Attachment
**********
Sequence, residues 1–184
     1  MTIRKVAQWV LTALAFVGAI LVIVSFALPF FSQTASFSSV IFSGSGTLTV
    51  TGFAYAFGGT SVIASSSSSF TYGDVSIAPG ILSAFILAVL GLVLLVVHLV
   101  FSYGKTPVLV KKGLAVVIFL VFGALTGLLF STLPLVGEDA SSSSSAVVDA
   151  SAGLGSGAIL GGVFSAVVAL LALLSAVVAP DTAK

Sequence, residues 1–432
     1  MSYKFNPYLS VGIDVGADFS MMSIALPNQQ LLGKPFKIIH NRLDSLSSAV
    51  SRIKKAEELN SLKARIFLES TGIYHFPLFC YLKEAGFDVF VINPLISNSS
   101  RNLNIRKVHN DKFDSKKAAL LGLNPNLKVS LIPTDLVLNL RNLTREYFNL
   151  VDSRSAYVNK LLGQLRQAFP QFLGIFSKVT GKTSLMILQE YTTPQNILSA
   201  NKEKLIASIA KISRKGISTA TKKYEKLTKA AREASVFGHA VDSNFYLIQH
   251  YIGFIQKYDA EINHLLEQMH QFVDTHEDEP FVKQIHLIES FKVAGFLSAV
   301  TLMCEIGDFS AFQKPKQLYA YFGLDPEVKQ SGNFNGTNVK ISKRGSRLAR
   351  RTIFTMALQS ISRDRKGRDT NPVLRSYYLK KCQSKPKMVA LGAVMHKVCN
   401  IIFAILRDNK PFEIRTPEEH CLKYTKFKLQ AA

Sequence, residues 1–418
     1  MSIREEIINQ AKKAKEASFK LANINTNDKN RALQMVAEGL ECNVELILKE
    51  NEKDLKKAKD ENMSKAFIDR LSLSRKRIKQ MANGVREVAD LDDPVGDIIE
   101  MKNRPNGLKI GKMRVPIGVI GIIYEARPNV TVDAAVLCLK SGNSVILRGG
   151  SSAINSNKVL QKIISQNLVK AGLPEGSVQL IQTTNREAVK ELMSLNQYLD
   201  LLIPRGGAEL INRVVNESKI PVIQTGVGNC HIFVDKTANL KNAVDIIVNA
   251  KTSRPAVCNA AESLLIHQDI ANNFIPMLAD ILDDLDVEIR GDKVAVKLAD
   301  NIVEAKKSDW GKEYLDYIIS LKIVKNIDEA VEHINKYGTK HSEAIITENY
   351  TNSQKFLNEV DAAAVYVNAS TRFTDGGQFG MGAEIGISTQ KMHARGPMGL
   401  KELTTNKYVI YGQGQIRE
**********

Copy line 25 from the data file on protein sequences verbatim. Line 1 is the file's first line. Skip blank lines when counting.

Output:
   401  KELTTNKYVI YGQGQIRE